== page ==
Monday, 13 July 2009

A woman's place...

Every once in a while I’m reminded that, despite giant strides forward, there’s still a long way to go in achieving genuine, grass roots equal rights for women in the Middle East.

It always happens unexpectedly – a random comment in an unrelated conversation that highlights the discrepancy between how far women have come versus a male (and sometimes cultural) perspective that still lags behind.

While scolding a young Algerian man for trying to follow me home as he narrated the journey in misogynistic Arabic, I asked how he would feel about his sister being badgered in this way – he replied:

My sister would not be out on the street at this time of night.”

Obviously, my voice then went up several octaves and we had a lengthy debate in Arabic much to the bemusement of passing tourists and Tuesday night pub crawlers.

On paper at least, women can vote and run for office all over the Middle East – and we are (slowly) seeing more women take part in the political process.

In 2007, Saudi Arabia announced plans to give women one third of government jobs and expand their career options. A UNDP report has seen progress on these fronts.

Queen Rania of Jordan (who by the way is on Twitter) has been pretty much spearheading the movement to change the perception of women in the Middle East through her use of new media.

In the UAE, women entrepreneurs are launching extremely successful businesses and, in many cases, expanding them regionally. In 2007, the International Finance Corporation (a subsidiary of the World Bank Group) released a report outlining the barriers to entry facing women in the Middle East.

While there are concerted efforts to help women access business opportunities, they still face gender discrimination and are often asked by banks to provide male guarantors.

There are so many issues affecting women right now in the Middle East. To name a few: weak legislation around honor crimes, circumcision, arranged marriage, protection against domestic abuse - the list goes on.

So yes... the region has come a long way, but today's Arab women must keep fighting to gain more ground and play more of a part in shaping not just our world but that of future generations.


  1. I was watching an Egyptian TV program where they were discussing the issue of sexual harrassment in Egypt. It's become uncontrollable, by the way. The TV program brought together 2 organisations fighting the same issue, except one of them addresses men, the other addresses women.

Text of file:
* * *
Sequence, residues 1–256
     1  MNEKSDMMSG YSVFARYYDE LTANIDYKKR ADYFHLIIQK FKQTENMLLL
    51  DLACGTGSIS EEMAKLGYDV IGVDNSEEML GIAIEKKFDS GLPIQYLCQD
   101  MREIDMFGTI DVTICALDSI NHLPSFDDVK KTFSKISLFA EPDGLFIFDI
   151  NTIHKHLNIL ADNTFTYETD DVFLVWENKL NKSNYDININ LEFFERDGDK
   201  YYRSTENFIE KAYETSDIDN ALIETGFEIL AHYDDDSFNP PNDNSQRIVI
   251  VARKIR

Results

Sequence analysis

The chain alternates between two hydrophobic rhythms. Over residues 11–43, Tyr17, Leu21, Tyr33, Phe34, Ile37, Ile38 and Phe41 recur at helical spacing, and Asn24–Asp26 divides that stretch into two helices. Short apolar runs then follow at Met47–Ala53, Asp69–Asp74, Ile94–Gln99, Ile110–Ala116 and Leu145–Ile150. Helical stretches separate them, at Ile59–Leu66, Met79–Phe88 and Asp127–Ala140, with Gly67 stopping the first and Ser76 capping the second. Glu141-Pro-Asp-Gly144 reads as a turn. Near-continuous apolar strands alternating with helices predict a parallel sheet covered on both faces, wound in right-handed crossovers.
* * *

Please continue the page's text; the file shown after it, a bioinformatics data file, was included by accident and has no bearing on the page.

The latter is interesting, because it actually lays some of the blame on the women, for dressing provocatively. Now if you've been to Cairo, you'll notice that 90% of women on the streets are covered from head to toe, if not more than that. Women do reveal more in certain settings, but out on the street no way.

    So this guy, speaking on behalf of his organisation, actually said these words, at which point I switched channels:
    "We have severe unemployment issues, and therefore young Egyptian men cannot afford to get married. So there is sexual frustruation. Egyptian women need to understand this, and not dress in a way that triggers our desires."

  2. Not forgetting, of course, to go to bed early with their cocoa rather than staying out late... :)

  3. On a social level in the ME, women are not progressing at the same pace as professionally; so, the Saudi government encourages women to take high governmental positions, yet they can't travel without their male guardian's approval, can't even drive cars, and can't be part of the socio-political reforming of the country through voting!

    Last week, a 15 years sentence was halved for someone who killed his RAPED sister under honour killing label! if the judiciary system of the country is failing to recognize that this is a first degree murder and he should be punished accordingly then who would be able to bring this very needed change to our societies.

    The grass roots equality starts in our homes; the minute we scratch the word "Aib" from our vocabulary is when things start turning around: The brother and sister can go to the same school, but at night he's allowed to go out and do whatever while she should stay home; so he can go and badger other girls on his way but his sister won't be out at the streets at this time!

  4. Mai - That's shocking, trying to place blame on women and making them responsible for the inability of certain men to control their libidos. I hate that people genuinely believe it as well - at the very least let's all be held accountable for our own actions

    Ammoun - you're so right about change starting at home. You know what else? Women need to start banding together for a change. There is so much competition and back biting among women that we end up tearing each other down instead of propping each other up.